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Minor Versionm

by Vishal Bhatt


Observe the cells of an onion with a microscope that you made using some simple material that can be acquired quite easily. The first simple microscopes began to appear in the 13th century, but the optical properties of water have been used to magnify things for thousands of years.

Video Overview

    • Exercise caution while using scissors, cutters and glass items.

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  1. Mark a small square with an pen
    • Mark a small square with an pen

    • Use a blade to cut out the square

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    • Cut out a small strip of tape. Fold it, and cut out a hole in the center.

    • Stick the tape over the hole

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    • Cut out a small foam piece of the came size as the hole you made in the ice cream stick. Use a scissor of make a hole in the foam

    • If your fingers are unstable, you may use forceps/tweezers to place the bead. If you are using your bear hands, make sure they are thoroughly clean

    • Stick the foam in the hole and you microscope is ready to play

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    • Cut about an eighth of an onion. Take out one slice from the cut part to get the appropriate size of an onion peel

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    • Bend the onion slice towards the concave side to make a small tear.

    • Carefully detach one side of the onion slice and pull out the transparent peel.

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    • Cut the onion peel to a size smaller than that of the cover slips.

    • Wet the glass slide first with water and place the onion peel on it carefully.

    • Try to make the space between the onion peel and the slide free of air bubbles as much as possible. That is why we wet the slide.

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    • Add a few drops of stainer (safranine or iodine) to the peel and keep it open for 30 seconds.

    • Now gently place a glass cover slip over the peel. To avoid entrapment of air bubbles, make sure to keep cover slip at an angle initially while placing it on slide.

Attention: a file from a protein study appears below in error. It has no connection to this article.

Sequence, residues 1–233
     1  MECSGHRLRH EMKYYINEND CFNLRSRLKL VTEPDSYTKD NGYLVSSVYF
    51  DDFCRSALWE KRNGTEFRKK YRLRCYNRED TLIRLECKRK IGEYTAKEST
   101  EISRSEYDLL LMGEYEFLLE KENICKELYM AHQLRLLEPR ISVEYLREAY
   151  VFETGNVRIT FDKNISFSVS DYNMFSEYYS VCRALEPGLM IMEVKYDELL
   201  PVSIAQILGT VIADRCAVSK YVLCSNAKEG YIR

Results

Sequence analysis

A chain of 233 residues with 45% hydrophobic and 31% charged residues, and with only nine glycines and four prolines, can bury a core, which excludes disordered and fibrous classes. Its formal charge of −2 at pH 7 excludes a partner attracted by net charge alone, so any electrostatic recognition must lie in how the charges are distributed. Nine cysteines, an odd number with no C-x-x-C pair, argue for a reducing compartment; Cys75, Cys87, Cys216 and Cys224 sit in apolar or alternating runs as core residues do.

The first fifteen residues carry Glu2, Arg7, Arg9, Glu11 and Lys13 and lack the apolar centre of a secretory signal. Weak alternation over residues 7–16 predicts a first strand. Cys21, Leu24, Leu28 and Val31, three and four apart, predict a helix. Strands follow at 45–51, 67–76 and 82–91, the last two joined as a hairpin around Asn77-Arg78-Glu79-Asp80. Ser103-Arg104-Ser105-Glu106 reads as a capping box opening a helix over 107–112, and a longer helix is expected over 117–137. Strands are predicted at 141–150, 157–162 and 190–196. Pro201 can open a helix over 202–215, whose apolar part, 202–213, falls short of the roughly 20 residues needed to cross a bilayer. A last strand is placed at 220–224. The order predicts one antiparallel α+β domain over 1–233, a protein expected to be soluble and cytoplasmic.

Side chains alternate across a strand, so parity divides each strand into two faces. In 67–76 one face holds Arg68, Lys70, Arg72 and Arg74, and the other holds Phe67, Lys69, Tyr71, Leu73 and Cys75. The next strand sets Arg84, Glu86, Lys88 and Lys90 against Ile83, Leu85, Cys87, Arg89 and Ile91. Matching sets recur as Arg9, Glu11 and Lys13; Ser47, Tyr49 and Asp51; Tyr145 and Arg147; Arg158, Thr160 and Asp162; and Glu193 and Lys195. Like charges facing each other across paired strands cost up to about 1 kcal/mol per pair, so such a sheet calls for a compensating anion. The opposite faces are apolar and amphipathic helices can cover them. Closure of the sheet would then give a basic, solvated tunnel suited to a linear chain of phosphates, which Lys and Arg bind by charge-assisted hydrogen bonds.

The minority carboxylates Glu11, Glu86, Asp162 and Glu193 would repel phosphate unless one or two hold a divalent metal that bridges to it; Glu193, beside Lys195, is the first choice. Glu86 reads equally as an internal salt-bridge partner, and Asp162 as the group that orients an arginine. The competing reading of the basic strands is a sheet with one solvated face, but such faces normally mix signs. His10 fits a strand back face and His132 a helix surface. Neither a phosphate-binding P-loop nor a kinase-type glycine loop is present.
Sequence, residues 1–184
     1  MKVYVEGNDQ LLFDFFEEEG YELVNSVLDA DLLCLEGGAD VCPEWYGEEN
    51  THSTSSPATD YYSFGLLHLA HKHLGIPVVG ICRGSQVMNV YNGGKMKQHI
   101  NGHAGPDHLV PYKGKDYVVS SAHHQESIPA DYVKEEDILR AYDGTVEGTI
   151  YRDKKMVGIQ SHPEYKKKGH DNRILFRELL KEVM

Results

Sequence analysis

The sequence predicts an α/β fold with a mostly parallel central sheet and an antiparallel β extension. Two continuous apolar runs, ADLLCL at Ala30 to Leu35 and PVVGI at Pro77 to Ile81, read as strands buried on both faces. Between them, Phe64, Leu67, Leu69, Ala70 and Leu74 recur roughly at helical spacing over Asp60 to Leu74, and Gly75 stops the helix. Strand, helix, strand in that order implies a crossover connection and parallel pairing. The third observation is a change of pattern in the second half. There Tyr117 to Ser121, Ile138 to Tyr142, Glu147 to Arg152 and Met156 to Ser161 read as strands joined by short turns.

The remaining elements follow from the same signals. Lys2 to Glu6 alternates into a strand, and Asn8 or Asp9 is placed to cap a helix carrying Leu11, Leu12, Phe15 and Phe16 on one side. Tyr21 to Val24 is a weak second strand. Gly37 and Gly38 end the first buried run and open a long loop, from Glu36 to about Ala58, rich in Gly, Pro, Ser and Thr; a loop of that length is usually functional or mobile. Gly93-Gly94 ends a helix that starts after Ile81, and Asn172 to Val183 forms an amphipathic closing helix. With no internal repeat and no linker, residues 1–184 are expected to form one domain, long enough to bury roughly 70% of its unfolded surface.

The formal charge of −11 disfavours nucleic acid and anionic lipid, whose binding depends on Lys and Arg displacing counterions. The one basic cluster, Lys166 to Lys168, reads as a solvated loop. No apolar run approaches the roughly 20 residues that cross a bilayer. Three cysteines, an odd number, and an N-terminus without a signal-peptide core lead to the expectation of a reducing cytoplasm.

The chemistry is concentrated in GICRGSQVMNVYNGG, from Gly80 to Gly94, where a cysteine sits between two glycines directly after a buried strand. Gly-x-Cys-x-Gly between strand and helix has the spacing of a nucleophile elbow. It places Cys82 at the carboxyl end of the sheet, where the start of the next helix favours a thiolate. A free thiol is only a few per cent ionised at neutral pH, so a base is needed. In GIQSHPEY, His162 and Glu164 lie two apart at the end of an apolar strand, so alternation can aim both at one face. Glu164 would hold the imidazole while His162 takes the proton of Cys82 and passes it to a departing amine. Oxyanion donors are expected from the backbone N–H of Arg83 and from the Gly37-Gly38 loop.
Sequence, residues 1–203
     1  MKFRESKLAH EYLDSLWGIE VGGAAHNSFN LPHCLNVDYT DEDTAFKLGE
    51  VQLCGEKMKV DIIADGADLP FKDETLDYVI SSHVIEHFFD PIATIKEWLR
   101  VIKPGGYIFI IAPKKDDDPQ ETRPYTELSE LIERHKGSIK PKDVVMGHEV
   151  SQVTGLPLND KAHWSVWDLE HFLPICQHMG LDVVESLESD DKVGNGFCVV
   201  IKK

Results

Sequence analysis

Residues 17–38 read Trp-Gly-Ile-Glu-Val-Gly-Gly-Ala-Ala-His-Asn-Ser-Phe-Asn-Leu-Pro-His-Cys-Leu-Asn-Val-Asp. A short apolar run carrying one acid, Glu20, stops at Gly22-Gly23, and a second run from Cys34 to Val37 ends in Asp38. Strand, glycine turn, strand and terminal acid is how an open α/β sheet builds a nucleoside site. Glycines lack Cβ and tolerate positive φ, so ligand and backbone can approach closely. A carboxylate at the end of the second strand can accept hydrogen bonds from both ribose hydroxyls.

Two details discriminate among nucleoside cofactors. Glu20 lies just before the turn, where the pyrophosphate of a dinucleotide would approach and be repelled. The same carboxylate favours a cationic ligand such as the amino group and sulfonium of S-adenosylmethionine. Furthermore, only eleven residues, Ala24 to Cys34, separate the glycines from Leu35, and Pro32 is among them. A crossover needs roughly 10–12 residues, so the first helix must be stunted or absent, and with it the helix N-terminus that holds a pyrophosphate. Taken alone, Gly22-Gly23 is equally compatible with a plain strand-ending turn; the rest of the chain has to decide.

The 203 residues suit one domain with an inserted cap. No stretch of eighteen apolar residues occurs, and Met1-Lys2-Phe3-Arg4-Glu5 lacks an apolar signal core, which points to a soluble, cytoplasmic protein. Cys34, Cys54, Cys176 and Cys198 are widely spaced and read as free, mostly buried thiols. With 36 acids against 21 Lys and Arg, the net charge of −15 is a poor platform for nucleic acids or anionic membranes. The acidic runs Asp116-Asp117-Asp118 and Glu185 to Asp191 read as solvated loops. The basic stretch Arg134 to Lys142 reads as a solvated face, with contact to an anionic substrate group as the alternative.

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    • Blot out the excess stainer from the sides using soft cotton cloth or tissue paper.

    • Do not put too much pressure while blotting out the excess stainer. You might beak the glass slide.

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    • Cut out a small rectangular piece from the cardboard strip equal to or larger than the size of the cover slip.

    • Add rubber bands to secure the slide on the cardboard.

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    • The side with the full strip of tape is the viewing side i.e., towards your eye.

    • The bead microscope should be in contact with the object. Adjust the position of the bead inside the hole to get a clear image of the onion peel cells.

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    • Bead falling out from the cardboard because of hole being too big .

    • Glass slide and cover slip not clean due to which image is not clear

    • Didn't wet the slide initially which causes air bubbles to get trapped beneath the onion peel

    • Air bubbles appearing after putting the cover slip on the peel. Onion peel should be less than the size of the cover slip

    • Cover slip moving while hovering the microscope over it. Make sure excess safranine or iodine has been blotted out.

    • Image appearing blurry. Make sure the glass bead is clean and not too much of it is inside the hole from the side facing the slide.

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    • After looking at the plant cells through the bead microscope, can you tell what the different components of a cell structure are (even if you see only one)? What could be the biggest structure in a plant cell?

    • Compare the structure of a plant cell to an animal cell. What differences do you notice?

    • Compare the magnification required to see different cell organelles and guess the approximate difference in sizes of different components of the cell.

    • Hold the bead an arms leant away from your eye. Look at something that is really far away, what is the image that you see on the surface of the bead .

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    • Use a garlic peel instead of the onion peel.

    • Make the microscope with a different sized bead

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    • A photograph of the peel under the microscope

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Finish Line

Suhail Ahanger

Member since: 05/02/2017

3,665 Reputation

55 Guides authored


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